Half of young teenagers in Scotland have now received a first dose of Covid-19 vaccine, new figures show.
The milestone comes as a new campaign gets under way in England to boost take-up among 12-15 year-olds, where only around one in five has been jabbed.
An estimated 50.2% of young teens in Scotland had received a first dose as of October 21, Government figures show.
In some local areas the figure is as high as nearly two-thirds, with take-up of 66.0% in Aberdeenshire and 63.8% in Perth & Kinross.
By contrast, take-up in England among 12-15 year-olds currently stands at just 18.9%.
Only seven out of 149 upper local authority areas in England have given a jab to at least a third of young teenagers, according to analysis by the PA news agency.
Take-up is highest in Wokingham in Berkshire (43.2%), followed by Oxfordshire (35.5%) and Warrington (35.4%).
There are 24 areas where take-up is still below 10%, with the London boroughs of Barking & Dagenham (5.4%), Newham (6.2%) and Waltham Forest (6.4%) at the bottom of the list.
Vaccines have been available to 12-15 year-olds in Scotland since September 20, and are being delivered mostly at drop-in clinics and other community settings.
The rollout in England also began on September 20, but so far has been delivered mostly in schools.
This is now changing, however, with parents able to book vaccinations online at local sites for their 12-15 year-old children from the end of Friday.
Dr Nikki Kanani, deputy lead for the NHS England vaccine rollout, said: “As we head in to October half term, the vaccination programme is opening up vaccine centres to young people aged 12 to 15 as another way to get their vaccine.
“If they have already received their vaccine or been invited through their school then they do not need to do anything.
“I would urge families to look at the information together and then book in to give children and their loved ones crucial protection ahead of winter.”
The change follows calls from headteachers’ unions for more jabs to be delivered at locations outside schools.
Geoff Barton, general secretary of the Association of School and College Leaders (ASCL), said the rollout of vaccines has been “painfully slow” in some areas and has been “beset by logistical problems, not to mention being disrupted by the irresponsible actions of anti-vaccination protesters”.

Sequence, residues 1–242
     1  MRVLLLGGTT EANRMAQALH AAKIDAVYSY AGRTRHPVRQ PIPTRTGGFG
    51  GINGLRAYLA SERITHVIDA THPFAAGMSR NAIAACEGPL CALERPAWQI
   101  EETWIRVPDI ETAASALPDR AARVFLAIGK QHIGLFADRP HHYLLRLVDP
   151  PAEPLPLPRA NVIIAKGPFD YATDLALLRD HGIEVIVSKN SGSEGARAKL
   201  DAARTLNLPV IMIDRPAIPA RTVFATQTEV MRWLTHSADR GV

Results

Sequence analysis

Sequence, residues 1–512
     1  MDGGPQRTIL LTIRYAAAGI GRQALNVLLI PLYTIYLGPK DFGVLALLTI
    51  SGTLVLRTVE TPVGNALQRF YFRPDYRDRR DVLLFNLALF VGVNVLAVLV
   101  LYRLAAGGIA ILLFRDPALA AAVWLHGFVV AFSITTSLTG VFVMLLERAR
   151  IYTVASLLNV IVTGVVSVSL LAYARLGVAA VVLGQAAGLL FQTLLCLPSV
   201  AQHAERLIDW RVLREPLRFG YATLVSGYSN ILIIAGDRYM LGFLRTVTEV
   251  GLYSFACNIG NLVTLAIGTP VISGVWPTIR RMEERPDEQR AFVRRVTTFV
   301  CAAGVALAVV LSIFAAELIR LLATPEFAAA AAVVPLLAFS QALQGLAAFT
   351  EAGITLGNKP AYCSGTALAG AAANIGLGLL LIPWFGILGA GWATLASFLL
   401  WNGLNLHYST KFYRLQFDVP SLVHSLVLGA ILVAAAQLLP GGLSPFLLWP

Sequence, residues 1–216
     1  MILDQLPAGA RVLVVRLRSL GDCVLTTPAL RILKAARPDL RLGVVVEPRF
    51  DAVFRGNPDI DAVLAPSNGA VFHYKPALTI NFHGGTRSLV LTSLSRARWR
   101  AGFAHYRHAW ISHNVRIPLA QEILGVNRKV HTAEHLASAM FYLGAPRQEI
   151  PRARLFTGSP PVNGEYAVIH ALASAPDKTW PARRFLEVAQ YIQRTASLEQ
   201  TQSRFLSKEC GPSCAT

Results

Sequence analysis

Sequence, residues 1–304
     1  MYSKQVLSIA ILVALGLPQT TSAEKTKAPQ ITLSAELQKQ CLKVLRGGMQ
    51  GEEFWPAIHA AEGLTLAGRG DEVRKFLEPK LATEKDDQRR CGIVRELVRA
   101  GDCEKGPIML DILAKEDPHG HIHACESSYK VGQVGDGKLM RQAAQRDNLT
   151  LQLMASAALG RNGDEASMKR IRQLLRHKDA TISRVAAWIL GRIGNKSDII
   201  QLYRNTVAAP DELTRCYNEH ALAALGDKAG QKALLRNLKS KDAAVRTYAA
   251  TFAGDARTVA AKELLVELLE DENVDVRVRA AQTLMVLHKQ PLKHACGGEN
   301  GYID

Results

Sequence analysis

He added: “The announcement from NHS England that young people can attend vaccination drop-in centres during the half-term holiday is a big help and we hope they will do so in sufficient numbers to help slow the spread of the virus in schools and colleges.”
Take-up in England is also likely to have been affected by the level of infection circulating in the community.
A first dose of vaccine cannot be delivered to someone if they are within four weeks of testing positive for Covid-19, waiting for the results of a coronavirus test, or self-isolating.
Around 7.8% of children in England in school years seven to 11 were likely to have tested positive for Covid-19 in the week to October 16, the highest rate for any age group, according to estimates from the Office for National Statistics.
But while the overall prevalence of Covid-19 in England has risen to around one in 55 people in private households, near levels seen at the peak of the second wave of the virus, in Scotland the estimate has been falling for several weeks and currently stands at one in 90.
Our latest results from the #COVID19 Infection Survey show increasing infection rates in England in the week ending 16 October 2021.
— Office for National Statistics (ONS) (@ONS) October 22, 2021
Meanwhile nearly a third (32.5%) of 12 to 15-year-olds in Wales had received a first dose of Covid-19 vaccine as of October 21, according to Public Health Wales.
Figures for local take-up are available up to October 17 and show that Neath Port Talbot is the only area in Wales where fewer than 10% of young teenagers have received one dose (8.2%).
All other local authorities are now above 10%, ranging from Denbighshire (17.9%) to Rhondda Cynon Taf (54.0%).
NHS Wales began offering a first dose of vaccine to 12-15-year-olds from October 4.
Most vaccines are being given at vaccination centres with a small number being delivered in schools.
In Northern Ireland, 12 to 15-year-olds are being offered the vaccine in schools but no figures have yet been published on the level of take-up.